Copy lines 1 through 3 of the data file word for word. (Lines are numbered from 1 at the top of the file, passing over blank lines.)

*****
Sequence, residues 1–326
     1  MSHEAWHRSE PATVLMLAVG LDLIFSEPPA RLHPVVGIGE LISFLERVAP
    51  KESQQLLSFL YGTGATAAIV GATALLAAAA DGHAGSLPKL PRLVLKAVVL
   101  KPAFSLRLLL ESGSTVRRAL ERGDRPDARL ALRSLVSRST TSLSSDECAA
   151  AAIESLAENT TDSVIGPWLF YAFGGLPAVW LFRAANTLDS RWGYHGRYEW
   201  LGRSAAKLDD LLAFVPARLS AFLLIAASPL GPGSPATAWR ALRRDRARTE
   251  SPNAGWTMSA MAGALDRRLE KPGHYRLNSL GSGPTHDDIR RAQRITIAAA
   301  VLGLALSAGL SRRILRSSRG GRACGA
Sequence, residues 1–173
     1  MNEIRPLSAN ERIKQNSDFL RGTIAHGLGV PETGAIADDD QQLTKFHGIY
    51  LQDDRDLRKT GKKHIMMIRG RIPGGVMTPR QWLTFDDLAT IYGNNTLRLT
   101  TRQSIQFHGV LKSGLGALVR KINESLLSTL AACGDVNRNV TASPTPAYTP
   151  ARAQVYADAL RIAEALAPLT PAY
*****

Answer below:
Sequence, residues 1–326
     1  MSHEAWHRSE PATVLMLAVG LDLIFSEPPA RLHPVVGIGE LISFLERVAP
    51  KESQQLLSFL YGTGATAAIV GATALLAAAA DGHAGSLPKL PRLVLKAVVL